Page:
The strange smells, barking dogs, honking horns, ringing bells, and distant spiritual songs are beginning to become all too familiar. Due to my recent illness I’m looking forward to returning back home in some regards. Despite being extremely cautious I’ve managed to maintain sickness for about 3 weeks. The children are extremely sweet, always asking how I’m feeling and if I’m OK. They also like to joke about my weak American stomach and it’s inability to handle Nepalese food; “Sister cannot eat”. That being said, despite my illness I am still in love with Nepal. I am terrified of how much I am going to miss this wonderful diverse place.
This week the children have back to back exams. I was very excited to have more opportunities to travel but it’s also extremely hard to watch the kids study day after day all night long. There is no playing and very little conversing. As my time here slowly dwindles I am starting to feel much more connected to the children. Suttam is like my older and younger brother, at the same time. I love watching his facial expressions from afar, I have no idea what is being said but just watching him interpret the conversation brings me happiness. Suttam is 100% boy. His favorite things to talk about are how strong he is, what he likes to eat, including any bug that would cross his path (supposedly), and of course, soccer. Today I showed him a frog punch, (or a knuckle punch where you stick out the knuckle of your middle finger. Ow) after a few punches he became wide eyed when I said “Ow!”. “Bring pain sister?!” he asks with the most innocent expression, “Yes, you’re too strong!” I tell him, which he then follows with a sheer devilish grin. Sudasam and I have also grown close. Sudasam struggles with his English, but has the kindest most telling eyes. They carry so much emotion. Despite our language barrier, a smile is worth a thousand words with Sudasam. I like to stare at him and wait for him to look up and our eyes to meet, the smile then shared between the two of us lasts for at least 30 seconds. He has so much love to give.
It’s hard to watch them stress over their schoolwork. I want to play with them and give them study breaks, but at the same time in their culture study time is extremely important and to be taken seriously. Even if you are 11 years old during exam week you can go without play time. All Nepalese parents may not be this strict but I do not want to challenge their caretaker on this subject, so for now there is very little play time. I try to incorporate some activities when I can. I suppose this week has been harder for me for that reason, as it feels as though I’m already losing them. I also feel as if I’m hardly helping at all, without teaching during the day and no playtime at night it’s as if I’m slowly leaving them… and in truth I am.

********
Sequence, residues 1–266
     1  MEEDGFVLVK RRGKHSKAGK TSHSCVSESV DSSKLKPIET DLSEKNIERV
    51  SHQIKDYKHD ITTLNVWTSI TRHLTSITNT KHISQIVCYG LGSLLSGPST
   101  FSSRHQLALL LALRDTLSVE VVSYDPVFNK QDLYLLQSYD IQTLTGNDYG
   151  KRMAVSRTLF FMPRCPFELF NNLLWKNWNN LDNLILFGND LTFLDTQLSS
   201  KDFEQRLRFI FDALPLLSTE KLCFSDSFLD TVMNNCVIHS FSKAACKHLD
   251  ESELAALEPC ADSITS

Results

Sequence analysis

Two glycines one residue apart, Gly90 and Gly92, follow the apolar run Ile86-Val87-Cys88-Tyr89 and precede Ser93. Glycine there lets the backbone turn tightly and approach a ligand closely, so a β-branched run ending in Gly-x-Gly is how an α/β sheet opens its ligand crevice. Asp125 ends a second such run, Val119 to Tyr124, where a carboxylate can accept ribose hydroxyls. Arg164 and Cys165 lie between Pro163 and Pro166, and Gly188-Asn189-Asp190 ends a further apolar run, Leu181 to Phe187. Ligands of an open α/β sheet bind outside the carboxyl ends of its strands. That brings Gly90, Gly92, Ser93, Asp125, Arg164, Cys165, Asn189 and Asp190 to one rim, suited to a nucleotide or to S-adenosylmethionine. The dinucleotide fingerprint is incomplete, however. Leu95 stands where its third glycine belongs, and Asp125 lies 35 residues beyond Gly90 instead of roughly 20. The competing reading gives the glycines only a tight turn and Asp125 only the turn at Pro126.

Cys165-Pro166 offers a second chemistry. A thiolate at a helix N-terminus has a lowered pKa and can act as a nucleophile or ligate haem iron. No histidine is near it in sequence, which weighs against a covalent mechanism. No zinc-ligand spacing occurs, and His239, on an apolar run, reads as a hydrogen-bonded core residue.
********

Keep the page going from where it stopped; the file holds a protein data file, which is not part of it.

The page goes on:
This past week we have travelled to Bouddhanath, Buddhist Stupa and Chitwan National Conservation Park. Bouddhanath was beyond peaceful. I have dreamt of experiencing this site of pilgrimage for months. The prayer flags extending in all directions and wavering in the wind, sending the many prayers to the Gods are truly spiritual. Buddha’s all seeing eyes (Nepal’s symbol of unity) are painted on every side of the temple. The eyes radiate truth, honesty, nirvana, and justice. I am also extremely glad that we were able to travel to Chitwan. We were fortunate enough to manage clear weather in just enough time to witness a second himalayan range. The Ganesh Himal range was just as beautiful as the Annapurna range. Experiencing the Asian jungle and clay houses were also very important to me, in demographically understanding Nepal. This region was completely different from the mountains and the city. The people were so in tune with nature. The elephants are more than sacred, but a way of life, a necessity. The bus driver stopped the bus and got out to personally escort the goats safely across the road. Jesse and I were also able to witness a cultural program with singing and dancing.
Riding an elephant through the jungle was more beautiful than words can describe, thanking the elephant after and being able to touch her was extremely transcendent.
The principal at the school tells us “You are our dictionary” in that exposing the children to our presence and native English is enough in it’s own right. Though that hardly seems like enough, I’m not sure how much good I am doing, besides taking the children out and being a new sister for them to play with. Maybe it’s just that the more I grow to love them the more I wish I could offer them the whole world and everything I have. That being said, I feel the strongest gratitude towards everyone who has helped me accomplish this journey. Thank you to my parents, family, friends, professors, the office of Undergraduate Research, and FSU. 20 years of life spent dreaming about this beautiful continent and now I am truly living Asia. It’s no longer the mysterious East, but my home for the summer.
That’s enough for now. Trying to keep these a little more short and sweet! Namaste, and with all of my love, a Sudasam selfie, and spying on Suttam.